Saving arm, Hoiles throws poorly in return


April 23, 1995|By Buster Olney | Buster Olney,Sun Staff Writer

SARASOTA, Fla. -- If an enemy advance scout was lurking in the stands during the Orioles' 7-4 victory over the Chicago White Sox here yesterday, he would've jotted down this note: "Arm of catcher Chris Hoiles questionable."

Hoiles, hampered by a sore shoulder this spring, played for the first time in a week. His shoulder is feeling better and he's expected to be in the lineup Opening Day, but he threw poorly.

In the first inning, White Sox designated hitter Tim Raines stole second easily, Hoiles' throw bouncing far in front of the base. Then, in the second inning, Chicago second baseman Ray Durham bolted for second, and Hoiles just held the ball.

"We told Chris not to throw hard," said Orioles manager Phil Regan. "He said it felt much better, but I didn't want him to come back and air it out and get hurt again."

Hoiles' shoulder started bothering him early in camp, as it has in previous springs.

"I wasn't worried at all," said Hoiles. "I'll probably play in the rest of these [exhibition] games, then take Tuesday off and go get them on Wednesday."

Wednesday, of course, being Opening Day, in Kansas City.

Others fighting off nagging injuries include left fielder Brady Anderson, who had ingrown toenails in both feet removed Friday, and first baseman Rafael Palmeiro, hampered somewhat by a slight groin pull.

The waiting game

The Orioles have 32 players remaining in camp, and must get down to 28 by midnight tomorrow. Among the 32 are four catchers, and at least one -- in all likelihood, Cesar Devarez -- is headed to the minors, and Greg Zaun could go as well if Regan decides to carry two catchers instead of three. Early last week, Regan seemed to be leaning toward three catchers, but he's been pleased with the defensive play of Matt Nokes in the past week and could be comfortable with two.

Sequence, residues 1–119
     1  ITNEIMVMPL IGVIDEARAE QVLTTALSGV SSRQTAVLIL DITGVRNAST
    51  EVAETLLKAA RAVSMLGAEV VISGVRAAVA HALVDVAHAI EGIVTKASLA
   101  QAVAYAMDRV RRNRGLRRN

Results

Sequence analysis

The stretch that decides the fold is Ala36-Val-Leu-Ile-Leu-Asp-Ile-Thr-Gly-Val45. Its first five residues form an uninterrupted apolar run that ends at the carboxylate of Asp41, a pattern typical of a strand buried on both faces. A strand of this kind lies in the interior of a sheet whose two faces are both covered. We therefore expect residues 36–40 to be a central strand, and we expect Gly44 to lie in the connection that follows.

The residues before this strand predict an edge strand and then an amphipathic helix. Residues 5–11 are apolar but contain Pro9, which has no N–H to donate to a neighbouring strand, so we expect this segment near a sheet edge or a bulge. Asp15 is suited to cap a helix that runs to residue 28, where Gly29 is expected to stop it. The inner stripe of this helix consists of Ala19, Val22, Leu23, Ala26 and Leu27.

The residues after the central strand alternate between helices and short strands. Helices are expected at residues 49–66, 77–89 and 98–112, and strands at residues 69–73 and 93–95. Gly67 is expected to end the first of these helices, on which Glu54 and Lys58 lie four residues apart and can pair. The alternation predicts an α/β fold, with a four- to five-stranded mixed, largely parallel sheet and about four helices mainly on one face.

If Regan goes with two catchers, he could keep as many as seven outfielders (and DH Harold Baines). Keeping three catchers likely means that Regan will have to cut Jeff Manto, Damon Buford or Jack Voigt.

Manto acknowledged that the last few days of spring training are a nervous time for those trying to win jobs. "You start trying to put 2 and 2 together," Manto said. "You try to play general manager. A lot of stuff goes through your mind, but you've got to worry about the job in front of you. Sometimes it's tough."

Buford may be on solid ground because Andy Van Slyke still needs some time to get in game condition, and Buford could start the year splitting time in center field with Van Slyke. Manto is hitting .190 (4-for-21) this spring, but two of his four hits have been homers, including a 425-foot shot that beat the White Sox yesterday. Regan likes Voigt for his versatility, and Voigt hit .250 in exhibitions.

Regan had said earlier that he planned to start the year with 13 pitchers, but because the starters are beginning to extend their innings, he may go with 12. Scott Klingenbeck, Mike Oquist and Joe Borowski are vying for the last one or two spots on the staff, with Klingenbeck seemingly the front-runner. The Orioles must keep Oquist, who is out of options, or expose him to waivers.

To add outfielder Kevin Bass to the 40-man roster, the Orioles will have to make room today or tomorrow.

Goodwin demoted, with praise

The Orioles optioned outfielders Curtis Goodwin and Jim Waw- ruck to Triple-A Rochester yesterday morning. Regan talked about starting the year with Goodwin as his leadoff hitter and everyday center fielder, but the addition of Van Slyke and Bass precluded that.

When Regan told Goodwin that he was going to Triple-A, Goodwin wondered aloud who was leading the International League in stolen bases, and how many Mr. X had.

"He went down with a great attitude," Regan said. "I'm telling you, he's going to be a big-leaguer, and he's going to be a great player. He's a guy who could really bring excitement to the ballpark."

Around the horn

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